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later stages. During a single year, ending early in 1923, the world's note circulation outside of Russia increased ten times. In a single year Austria's note circulation increased seventeen times, Germany's thirtyfive times, and Russia's forty times. At one period, Germany doubled her note circulation in a single week. This rapid rate of inflation destroyed the last shreds of public confidence in the paper marks, rubles, and kronen. The events of the period brought out clearly that the rate of inflation has a great deal to do with the consequences of inflation. Slow inflation may work injury, but it can be endured and coped with. Swift inflation works disaster, and can neither be endured nor coped with.

VALUE IN DOLLARS AT CURRENT RATES OF EXCHANGE OF THE TOTAL

AMOUNT OF GERMAN PAPER MARKS IN CIRCULATION

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It is possible to measure the evil that flows from rapid inflation by determining the total purchasing value of the currency as a whole from period to period. In the early stages of inflation, the value of each unit of paper money depreciates, but only in approximate proportion to the number of new units issued. In the later stages, the value of each unit of paper money falls much faster than the number of units increases. In the final stages of the process, the purchasing power of each unit becomes almost infinitesimal, and the purchasing power of the whole currency becomes too small to handle the business of the country. In January, 1919, the dollar value of the total mark circulation at the current rate of exchange was about $4,000,000,000 but by the end of 1923 the dollar value of the total mark circulation was less than $100,000,000. In the latter year sextillions of marks were in circulation, but the purchasing power of each mark had fallen so much faster than the supply of marks from the printing presses had risen that the total value of the currency shrank to insignificant size. A note circulation worth less than $100,000,000 was utterly inadequate to carry on the business of the German nation. The decline in the value in dollars of the total circulation of marks is shown in the diagram on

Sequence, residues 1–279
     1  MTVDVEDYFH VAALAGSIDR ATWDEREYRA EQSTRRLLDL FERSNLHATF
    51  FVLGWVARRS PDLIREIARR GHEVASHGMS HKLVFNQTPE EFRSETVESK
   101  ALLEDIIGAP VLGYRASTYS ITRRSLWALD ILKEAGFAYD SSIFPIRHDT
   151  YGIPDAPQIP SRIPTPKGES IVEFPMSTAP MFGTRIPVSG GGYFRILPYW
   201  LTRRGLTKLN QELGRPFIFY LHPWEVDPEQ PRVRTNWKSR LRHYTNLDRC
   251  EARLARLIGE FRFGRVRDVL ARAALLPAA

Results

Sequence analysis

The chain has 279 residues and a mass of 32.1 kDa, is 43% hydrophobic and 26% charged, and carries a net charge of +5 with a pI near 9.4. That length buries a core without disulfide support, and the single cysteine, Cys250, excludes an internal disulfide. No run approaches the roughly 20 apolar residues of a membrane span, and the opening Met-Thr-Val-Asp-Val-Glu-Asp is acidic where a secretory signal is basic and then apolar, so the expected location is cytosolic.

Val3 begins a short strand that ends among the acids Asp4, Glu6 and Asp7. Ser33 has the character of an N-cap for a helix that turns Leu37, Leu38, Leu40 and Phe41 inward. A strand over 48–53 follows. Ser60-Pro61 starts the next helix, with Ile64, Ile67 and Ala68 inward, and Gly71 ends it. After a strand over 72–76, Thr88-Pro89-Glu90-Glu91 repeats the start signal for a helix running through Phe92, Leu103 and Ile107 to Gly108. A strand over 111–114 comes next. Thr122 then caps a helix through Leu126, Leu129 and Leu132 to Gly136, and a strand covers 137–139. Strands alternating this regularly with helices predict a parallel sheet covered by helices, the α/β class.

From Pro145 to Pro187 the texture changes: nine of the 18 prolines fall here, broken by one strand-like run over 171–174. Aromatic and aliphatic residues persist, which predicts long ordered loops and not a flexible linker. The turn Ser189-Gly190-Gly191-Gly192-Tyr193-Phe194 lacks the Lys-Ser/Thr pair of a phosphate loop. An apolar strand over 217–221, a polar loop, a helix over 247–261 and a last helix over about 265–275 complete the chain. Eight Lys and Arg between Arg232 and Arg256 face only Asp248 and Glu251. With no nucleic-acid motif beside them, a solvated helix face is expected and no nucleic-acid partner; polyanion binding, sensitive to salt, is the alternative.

page 549.16

Under similar influences, the value of the total circulation of paper rubles in Russia fell to a low point of less than $20,000,000 in 1922. Austria, Hungary, and other nations met the same financial fate. Inflation could not go on endlessly. It came to a point where it defeated itself. This point was one of diminishing returns. Additional increments of paper money yielded less total purchasing power than the currency of the country possessed in the first place. If France, Eng. land, and various other countries of Europe failed to reach this final stage of inflation, it was solely because they called a halt to their note issues before it was too late. They stopped issuing additional paper notes, and this self-restraint alone averted the complete money collapse which eventuated in Russia, Germany, and other countries.